I bought my first car in 1972.
It was an Austin Mini and was clapped out when I got it. It was red, which was great, because when the paint flaked off, the rust underneath was the same colour.
Few of you will remember the first Minis. They had a few distinctive features. One was that to start the car, you turned the key in the ignition, and then pressed a button on the floor to actually start the motor. The other was the windows. They didn’t wind down – they slid sideways.
My Mini was well ventilated. In fact, if you pulled the passenger floor mat back, you could watch the road passing underneath. And it was always damp inside, so I grew a couple of beautiful ferns in the passenger door. Actually, I didn’t plant them – they just appeared.
It was a bit of a squeeze driving that car because I’m over six foot tall, but I didn’t mind that.
It had a personality of its own. Lots of things never really worked properly. The heating never worked, and the breaks used to fail on a regular basis. On one occasion, I was p*ssed out of my mind and the breaks decided to fail completely just as the lights ahead changed red. That car had a wicked sense of timing. I smacked into the car in front in an explosion of glass and rust. The car in front wasn’t damaged as the rust had taken all the damage. I had to get a taxi home. That cost more than the car was worth.
I had long hair in those days, and the police took great delight in stopping me to examine the car. I used to get away with it, as the tyres looked good, and the tax and insurance [£50!] were always up to date. On one occasion I actually got a summons – ‘no illumination on my rear identification plate’.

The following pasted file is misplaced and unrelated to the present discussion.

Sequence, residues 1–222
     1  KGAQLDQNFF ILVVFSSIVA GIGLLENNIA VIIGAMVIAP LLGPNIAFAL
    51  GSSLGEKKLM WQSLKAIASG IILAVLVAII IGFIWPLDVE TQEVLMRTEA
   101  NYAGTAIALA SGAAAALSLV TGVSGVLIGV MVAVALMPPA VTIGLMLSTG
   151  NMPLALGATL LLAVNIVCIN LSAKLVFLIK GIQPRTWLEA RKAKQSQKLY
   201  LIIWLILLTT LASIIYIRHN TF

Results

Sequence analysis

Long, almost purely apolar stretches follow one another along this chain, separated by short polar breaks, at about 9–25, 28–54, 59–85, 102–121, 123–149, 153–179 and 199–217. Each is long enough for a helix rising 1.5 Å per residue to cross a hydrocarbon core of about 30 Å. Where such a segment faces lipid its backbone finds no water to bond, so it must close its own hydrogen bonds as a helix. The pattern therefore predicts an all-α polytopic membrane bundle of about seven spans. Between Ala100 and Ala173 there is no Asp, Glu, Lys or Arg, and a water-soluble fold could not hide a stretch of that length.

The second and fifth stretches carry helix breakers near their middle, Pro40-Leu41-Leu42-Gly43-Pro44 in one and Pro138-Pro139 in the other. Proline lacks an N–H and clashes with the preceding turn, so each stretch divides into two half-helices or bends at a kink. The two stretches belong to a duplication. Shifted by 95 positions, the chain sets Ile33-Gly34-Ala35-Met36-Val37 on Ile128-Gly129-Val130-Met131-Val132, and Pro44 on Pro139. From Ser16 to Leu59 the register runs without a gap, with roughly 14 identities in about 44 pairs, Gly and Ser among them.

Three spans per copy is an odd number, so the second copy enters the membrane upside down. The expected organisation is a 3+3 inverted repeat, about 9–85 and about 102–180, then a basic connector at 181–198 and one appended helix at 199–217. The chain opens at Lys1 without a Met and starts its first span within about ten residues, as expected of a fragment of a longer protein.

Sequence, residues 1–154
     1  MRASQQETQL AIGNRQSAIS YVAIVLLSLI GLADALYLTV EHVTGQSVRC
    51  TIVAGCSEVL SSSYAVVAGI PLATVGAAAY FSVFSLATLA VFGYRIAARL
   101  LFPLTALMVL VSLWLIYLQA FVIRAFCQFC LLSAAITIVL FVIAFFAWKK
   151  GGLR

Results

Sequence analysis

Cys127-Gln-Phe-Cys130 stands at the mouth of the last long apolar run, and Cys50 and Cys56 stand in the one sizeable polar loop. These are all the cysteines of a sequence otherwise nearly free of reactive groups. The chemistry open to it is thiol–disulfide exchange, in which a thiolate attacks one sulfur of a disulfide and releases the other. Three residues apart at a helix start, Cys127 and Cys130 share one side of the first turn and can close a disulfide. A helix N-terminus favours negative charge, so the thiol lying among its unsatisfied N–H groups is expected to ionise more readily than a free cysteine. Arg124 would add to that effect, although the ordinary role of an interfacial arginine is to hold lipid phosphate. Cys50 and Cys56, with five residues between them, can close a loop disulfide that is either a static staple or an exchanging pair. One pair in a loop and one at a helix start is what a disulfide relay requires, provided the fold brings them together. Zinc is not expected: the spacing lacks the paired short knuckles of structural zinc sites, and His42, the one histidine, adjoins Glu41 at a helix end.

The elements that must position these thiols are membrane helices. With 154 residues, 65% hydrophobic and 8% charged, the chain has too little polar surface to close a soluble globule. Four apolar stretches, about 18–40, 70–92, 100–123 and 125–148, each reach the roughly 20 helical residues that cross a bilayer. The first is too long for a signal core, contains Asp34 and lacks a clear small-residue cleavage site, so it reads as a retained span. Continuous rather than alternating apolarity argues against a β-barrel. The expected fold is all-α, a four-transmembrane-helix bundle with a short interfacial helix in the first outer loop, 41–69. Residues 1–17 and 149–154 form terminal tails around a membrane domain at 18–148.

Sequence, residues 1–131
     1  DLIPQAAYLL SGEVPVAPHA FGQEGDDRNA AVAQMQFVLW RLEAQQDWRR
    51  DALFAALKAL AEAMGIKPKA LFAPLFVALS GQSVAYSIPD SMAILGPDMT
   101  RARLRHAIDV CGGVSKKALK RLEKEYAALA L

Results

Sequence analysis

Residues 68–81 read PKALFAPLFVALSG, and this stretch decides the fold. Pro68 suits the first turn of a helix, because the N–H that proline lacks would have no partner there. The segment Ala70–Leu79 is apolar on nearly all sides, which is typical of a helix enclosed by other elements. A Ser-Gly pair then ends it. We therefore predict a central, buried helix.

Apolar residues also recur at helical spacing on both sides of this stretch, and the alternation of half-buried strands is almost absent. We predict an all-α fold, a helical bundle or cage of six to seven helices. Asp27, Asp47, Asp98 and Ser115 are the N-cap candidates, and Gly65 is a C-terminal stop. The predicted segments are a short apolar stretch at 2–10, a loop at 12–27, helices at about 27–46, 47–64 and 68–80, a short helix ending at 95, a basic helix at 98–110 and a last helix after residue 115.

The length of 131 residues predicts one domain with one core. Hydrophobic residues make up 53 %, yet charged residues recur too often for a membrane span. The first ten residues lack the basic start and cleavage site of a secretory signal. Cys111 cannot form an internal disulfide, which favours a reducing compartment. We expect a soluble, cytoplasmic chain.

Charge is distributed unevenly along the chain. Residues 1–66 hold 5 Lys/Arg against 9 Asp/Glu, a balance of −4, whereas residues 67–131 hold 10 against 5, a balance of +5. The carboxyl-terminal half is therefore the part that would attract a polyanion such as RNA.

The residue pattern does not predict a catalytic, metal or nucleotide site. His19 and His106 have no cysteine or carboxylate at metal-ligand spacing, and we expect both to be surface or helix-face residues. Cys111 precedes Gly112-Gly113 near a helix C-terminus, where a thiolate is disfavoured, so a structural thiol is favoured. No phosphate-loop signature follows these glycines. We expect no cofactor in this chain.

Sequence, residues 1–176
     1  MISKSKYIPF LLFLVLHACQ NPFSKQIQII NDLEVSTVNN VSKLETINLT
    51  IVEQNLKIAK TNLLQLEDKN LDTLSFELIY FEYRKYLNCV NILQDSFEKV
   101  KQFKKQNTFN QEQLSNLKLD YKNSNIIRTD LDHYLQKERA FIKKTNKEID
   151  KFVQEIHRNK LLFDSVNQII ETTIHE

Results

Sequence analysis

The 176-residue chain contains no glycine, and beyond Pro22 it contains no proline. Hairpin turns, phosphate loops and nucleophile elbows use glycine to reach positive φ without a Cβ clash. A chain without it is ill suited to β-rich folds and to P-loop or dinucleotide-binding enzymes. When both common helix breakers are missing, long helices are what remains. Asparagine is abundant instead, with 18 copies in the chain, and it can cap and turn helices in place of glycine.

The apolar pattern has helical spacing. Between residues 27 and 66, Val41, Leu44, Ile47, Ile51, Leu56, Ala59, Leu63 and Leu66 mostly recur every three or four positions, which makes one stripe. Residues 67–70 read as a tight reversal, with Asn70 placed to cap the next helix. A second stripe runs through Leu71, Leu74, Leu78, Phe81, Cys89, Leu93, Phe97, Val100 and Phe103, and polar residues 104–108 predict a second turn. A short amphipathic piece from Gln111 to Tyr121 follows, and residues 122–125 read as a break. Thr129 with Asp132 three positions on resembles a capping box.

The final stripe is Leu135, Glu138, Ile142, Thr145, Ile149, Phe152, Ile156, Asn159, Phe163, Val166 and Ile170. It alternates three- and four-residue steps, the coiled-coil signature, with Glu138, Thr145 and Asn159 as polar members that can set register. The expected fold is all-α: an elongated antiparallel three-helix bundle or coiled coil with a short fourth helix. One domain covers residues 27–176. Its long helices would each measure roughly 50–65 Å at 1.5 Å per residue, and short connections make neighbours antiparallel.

I went to court. The judge was in foul mood. All the cases before me were for similar trivial offences and as the plaintiffs’ excuses got more frantic, so the fines increased. By the time he got around to me, the fines were running at around the £100 mark.
“What’s your excuse?” the judge roared at me.
“None.” I said, “I knew it was broken but didn’t think it was that important. I was going to get it fixed the next time I was in town”
“At last.” he shouted “A bit of honesty! Fined £5.”
I loved that car. It was always breaking down, but the mechanics were so simple, it was very easy to fix at the side of the road. We had many very happy adventures together.
One frosty morning I went to go to work. I pressed the floor button to start the engine. There was a loud thump from the front, that didn’t sound healthy. I got out and opened the bonnet. The engine had fallen out and was sitting sadly on the ground between the wheels.
I knew its time had come.
I went and bought myself another Mini.
But it wasn’t the same.